AA Disabled Performance

Up to this point, most of our benchmarks have been run with 4xAA, as we feel most people considering something like the new 8800 GTX are going to be interested in image quality as well as performance. If you don't care about antialiasing, the need for such fast graphics cards trails off quickly, as you'll see here.

Battlefield 2

The 8800 GTX SLI still has issues with Battlefield 2, but more importantly you see the clustering of all of the high-end graphics configurations once antialiasing is disabled. Discounting the single ATI X1950 XTX and GeForce 7900 GTX cards, the spread among all the cards is about 20%-25%. Battlefield 2 is also clearly beginning to run into CPU limitations, with many of the cards showing very little in the way of performance drops when going from 1600x1200 to 1920x1440. When 8800 GTX SLI is fixed, we expect to see a more or less flat line throughout resolution scaling. Battlefield 2142 would once again be something nice to test, as frame rates are a bit lower with that title, but overall the Battlefield series has always been pretty demanding when it comes to CPU power (not to mention have enough memory).

Half-Life 2: Episode One

With 4xAA, Episode One showed a bit more separation, and our particular demo seemed to be CPU limited to around 230 FPS. Disabling antialiasing shows that 230 FPS is indeed where our CPU tops out. The other cards move closer to this mark, but without dropping to a lower resolution none of them are yet able to reach it. With the minimum score coming in at 56 FPS, and even then only at 2560x1600, Half-Life 2: Episode One does not appear to really need anything faster in the GPU department just yet.

Prey

Disabling antialiasing in Prey improved performance in most of the tested configurations by about 20%, and the 8800 GTX SLI setup becomes a bit more CPU limited.. The relative positions of the cards don't really change much, although the GeForce 7 series cards appear to do slightly better without antialiasing compared to the ATI cards.

Half Life 2: Episode One Performance Final Words
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  • aweigh - Friday, November 10, 2006 - link

    You can just use the program DX Tweaker to enable Triple Buffering in any D3D game and use your VSYNC with negligable performance impact. So you can play with your VSYNC, a high-res and AA as well. :) Reply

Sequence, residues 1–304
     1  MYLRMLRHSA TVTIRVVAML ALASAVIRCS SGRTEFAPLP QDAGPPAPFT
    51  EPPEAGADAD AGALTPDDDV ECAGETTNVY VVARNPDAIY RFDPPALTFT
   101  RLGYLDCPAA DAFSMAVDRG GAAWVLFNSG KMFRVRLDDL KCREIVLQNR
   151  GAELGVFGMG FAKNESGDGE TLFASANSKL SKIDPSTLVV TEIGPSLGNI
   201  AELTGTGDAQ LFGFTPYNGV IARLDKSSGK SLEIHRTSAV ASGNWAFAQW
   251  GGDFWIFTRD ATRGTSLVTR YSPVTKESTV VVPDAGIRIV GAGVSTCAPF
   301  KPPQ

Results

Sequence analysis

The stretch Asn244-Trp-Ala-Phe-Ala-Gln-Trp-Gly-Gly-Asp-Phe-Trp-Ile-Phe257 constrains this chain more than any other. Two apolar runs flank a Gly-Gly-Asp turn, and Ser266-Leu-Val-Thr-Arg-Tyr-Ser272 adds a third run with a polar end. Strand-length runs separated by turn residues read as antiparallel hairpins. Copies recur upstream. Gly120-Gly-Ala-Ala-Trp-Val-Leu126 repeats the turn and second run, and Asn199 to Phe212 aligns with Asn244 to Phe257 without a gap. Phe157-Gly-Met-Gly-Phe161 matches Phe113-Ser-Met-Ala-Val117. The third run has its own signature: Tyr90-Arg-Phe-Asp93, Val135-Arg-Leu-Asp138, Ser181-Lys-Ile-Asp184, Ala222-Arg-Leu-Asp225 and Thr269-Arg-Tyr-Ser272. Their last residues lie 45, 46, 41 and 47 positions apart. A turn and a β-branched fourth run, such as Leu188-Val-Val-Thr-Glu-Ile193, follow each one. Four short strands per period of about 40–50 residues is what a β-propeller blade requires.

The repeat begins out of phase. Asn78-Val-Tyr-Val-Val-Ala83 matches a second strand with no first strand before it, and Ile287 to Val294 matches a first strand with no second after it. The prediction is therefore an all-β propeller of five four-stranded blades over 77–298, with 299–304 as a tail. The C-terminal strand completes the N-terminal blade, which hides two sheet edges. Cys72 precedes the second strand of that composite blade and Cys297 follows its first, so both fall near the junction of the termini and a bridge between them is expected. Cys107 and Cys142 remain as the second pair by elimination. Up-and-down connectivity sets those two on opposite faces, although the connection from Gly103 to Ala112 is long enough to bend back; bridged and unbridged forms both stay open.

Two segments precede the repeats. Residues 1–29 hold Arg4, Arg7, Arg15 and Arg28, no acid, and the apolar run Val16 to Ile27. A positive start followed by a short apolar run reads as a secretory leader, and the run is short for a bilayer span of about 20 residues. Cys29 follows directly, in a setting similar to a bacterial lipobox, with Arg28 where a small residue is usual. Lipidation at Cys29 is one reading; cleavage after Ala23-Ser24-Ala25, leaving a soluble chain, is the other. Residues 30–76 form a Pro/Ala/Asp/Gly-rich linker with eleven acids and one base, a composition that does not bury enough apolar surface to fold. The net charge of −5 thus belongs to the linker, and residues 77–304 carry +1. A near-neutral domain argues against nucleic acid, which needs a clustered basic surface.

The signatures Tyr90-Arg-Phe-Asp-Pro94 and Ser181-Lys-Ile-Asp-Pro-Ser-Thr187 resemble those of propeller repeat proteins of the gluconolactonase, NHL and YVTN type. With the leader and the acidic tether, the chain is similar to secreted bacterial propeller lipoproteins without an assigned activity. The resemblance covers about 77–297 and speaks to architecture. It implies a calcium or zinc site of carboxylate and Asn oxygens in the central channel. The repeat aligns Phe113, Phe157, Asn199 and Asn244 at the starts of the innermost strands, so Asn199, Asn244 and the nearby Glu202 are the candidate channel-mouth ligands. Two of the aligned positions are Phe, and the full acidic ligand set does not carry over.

• aweigh - Friday, November 10, 2006 - link

    I'm gonna buy an 88 specifically to use 4x4 SuperSampling in games. Why bother with MSAA with a card like that? Reply
  • DerekWilson - Friday, November 10, 2006 - link

    Supersampling can make textures blurry -- especially very detailed textures.

    And the impact will be much greater with the use of longer more detailed pixel shaders (as the shaders must be evaluated at every sub-pixel in supersample).

    I think transparency / adaptive AA are enough.

    On your previous comment, I don't think we're to the point where we can hit triple buffering, vsync, high levels of AA AND high resolution (2560x1600) without some input lag (triple buffering plus vsync with framerates less than your refresh rate can cause problems).

    If you're talking about enabling all these options on a lower resolution lcd panel, then I can definitely see that as a good use of the hardware. And it might be interesting to look at more numbers with these type of options enabled.

    Thanks for the suggestion.
    Reply
  • aweigh - Saturday, November 11, 2006 - link

    I never knew that about SuperSampling. Is it something similar to Quincux blurring? And would using a negative LOD via RivaTuner/nHancer counteract the effect?

    How about NVIDIA's Digital Sharpness setting in Color Correction? I've found a smidge of sharpening can do wonders to improve overall clarity.

    By the way, when you said Adaptive AA, were you referring to ATI cards?
    Reply
  • Unam - Friday, November 10, 2006 - link

    Derek,

    Saw your comment regarding the rationale for the test resolution, while I understand your reasoning now, it still begs the question how many of your readers have 30" LCD flat panels?
    Reply
  • DerekWilson - Friday, November 10, 2006 - link

    There might not be many out there right now, but it's still the right test platform for G80. We did test down to 1600x1200, so people do have information if they need it.

    But it speaks to who should own an 8800 GTX right now. It doesn't make sense to spend that much money on a part if you aren't going to get anything out of it with your 1280x1024 panel.

    Owners of a 2560x1600 panel will want an 8800 GTX. Owners of an 8800 GTX will want a 2560x1600 panel. Smooth framerates with the ability to enable 4xAA in every game that allowed it is reason enough. People without a 2560x1600 panel should probably wait until prices come down on the 8800 GTX or until games that are able to push the 8800 GTX harder to buy the card.
    Reply
  • Unam - Tuesday, November 14, 2006 - link

    Derek,

    A follow up to testing resolutions, the FPS numbers we see in your articles, are they maximum, minimum or average?
    Reply
  • Unam - Friday, November 10, 2006 - link

    Who the heck runs 2560x1600? At 4XAA? Come on guys, real world benchmarks please! Reply
  • DerekWilson - Friday, November 10, 2006 - link

    we did:

    1600x1200, 1920x1440, and even 1280x1024 in Oblivion
    Reply
  • dragonsqrrl - Thursday, August 25, 2011 - link

    ....lol, owned. Reply

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